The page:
Draghi and Yellen’s experience as central bankers will certainly be a key determinant in their political agendas. They both presided over the launch of zero or negative interest rates and advocated the extension of asset purchase programmes in order to ensure ample liquidity and to keep the cost of bond and bank borrowing at low levels. And both placed much less emphasis on price stability than their predecessors.

During her time at the Fed, Yellen pushed for less focus on the headline unemployment rate and more emphasis on labour market exclusion and participation rates. This approach dovetails with the Fed’s new focus on “maximum employment” (see our September 4 Weekly Update) and seems particularly apposite at present. January’s job data again disappointed economists, while weekly initial claims for unemployment benefits still remain well above the highs registered during previous recessions.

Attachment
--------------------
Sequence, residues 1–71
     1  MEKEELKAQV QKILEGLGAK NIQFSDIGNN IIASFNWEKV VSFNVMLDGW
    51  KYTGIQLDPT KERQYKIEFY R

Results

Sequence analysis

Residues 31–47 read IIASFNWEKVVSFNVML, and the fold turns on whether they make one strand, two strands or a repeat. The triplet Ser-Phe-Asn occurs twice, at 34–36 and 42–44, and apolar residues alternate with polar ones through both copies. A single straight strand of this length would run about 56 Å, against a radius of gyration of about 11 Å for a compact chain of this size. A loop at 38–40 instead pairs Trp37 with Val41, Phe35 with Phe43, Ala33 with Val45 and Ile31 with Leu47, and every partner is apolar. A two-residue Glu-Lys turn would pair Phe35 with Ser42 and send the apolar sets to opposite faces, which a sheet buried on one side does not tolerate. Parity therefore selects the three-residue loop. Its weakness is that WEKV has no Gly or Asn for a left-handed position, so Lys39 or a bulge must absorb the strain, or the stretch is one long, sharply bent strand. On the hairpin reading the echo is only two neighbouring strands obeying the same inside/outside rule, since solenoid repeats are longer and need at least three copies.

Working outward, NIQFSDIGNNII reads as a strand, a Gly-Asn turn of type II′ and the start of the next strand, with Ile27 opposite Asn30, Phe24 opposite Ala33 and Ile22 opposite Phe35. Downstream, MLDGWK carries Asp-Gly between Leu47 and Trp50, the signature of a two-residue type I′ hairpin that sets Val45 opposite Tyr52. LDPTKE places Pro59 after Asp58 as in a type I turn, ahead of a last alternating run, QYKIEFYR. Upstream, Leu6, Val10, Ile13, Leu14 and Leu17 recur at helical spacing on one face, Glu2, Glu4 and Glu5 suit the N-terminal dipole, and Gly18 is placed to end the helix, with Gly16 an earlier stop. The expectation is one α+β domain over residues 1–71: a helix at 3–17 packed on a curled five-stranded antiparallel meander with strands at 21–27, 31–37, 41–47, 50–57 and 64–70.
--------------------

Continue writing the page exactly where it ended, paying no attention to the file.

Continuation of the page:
For his part, Mario Draghi has kept a high degree of credibility with both investors and the Italian electorate. However, will he have the political skills to succeed as prime minister? In our view, his greatest success leading the ECB may not have been his ability to convince markets that he could save the euro. It may in fact have been his ability to convince Angela Merkel not to stand in his way, despite fierce opposition from the Bundesbank. Which stands as a testament to high levels of political skill.

Bottom line. Yellen and Draghi’s successors have held their course of extremely easy monetary policy, which has kept real bond yields (after accounting for inflation) at negative levels. And enormous asset purchases have eased the financing of ambitious fiscal support programmes on both sides of the Atlantic, which are designed to mitigate the negative effects of lockdown and to encourage a cyclical recovery in H2 2021. In this context, equity markets still have the potential to outperform other asset classes.

Read full article​​​​​​​

Head of Investment Strategy Societe Generale Private Banking